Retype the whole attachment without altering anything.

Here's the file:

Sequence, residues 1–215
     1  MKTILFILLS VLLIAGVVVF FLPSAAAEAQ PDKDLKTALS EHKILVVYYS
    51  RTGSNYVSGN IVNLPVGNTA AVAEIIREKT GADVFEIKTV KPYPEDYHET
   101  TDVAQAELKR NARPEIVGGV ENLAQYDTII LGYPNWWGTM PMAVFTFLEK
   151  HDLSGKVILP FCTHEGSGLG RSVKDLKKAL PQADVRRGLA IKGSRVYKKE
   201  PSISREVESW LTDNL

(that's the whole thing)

Sequence, residues 1–215
     1  MKTILFILLS VLLIAGVVVF FLPSAAAEAQ PDKDLKTALS EHKILVVYYS
    51  RTGSNYVSGN IVNLPVGNTA AVAEIIREKT GADVFEIKTV KPYPEDYHET
   101  TDVAQAELKR NARPEIVGGV ENLAQYDTII LGYPNWWGTM PMAVFTFLEK
   151  HDLSGKVILP FCTHEGSGLG RSVKDLKKAL PQADVRRGLA IKGSRVYKKE
   201  PSISREVESW LTDNL